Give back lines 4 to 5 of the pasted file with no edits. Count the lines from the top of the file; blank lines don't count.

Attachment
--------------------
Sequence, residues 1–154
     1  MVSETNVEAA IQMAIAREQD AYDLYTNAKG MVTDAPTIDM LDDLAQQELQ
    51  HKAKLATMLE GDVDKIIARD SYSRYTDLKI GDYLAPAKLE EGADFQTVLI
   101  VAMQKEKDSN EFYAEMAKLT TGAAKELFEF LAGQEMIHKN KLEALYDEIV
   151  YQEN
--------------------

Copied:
   101  VAMQKEKDSN EFYAEMAKLT TGAAKELFEF LAGQEMIHKN KLEALYDEIV
   151  YQEN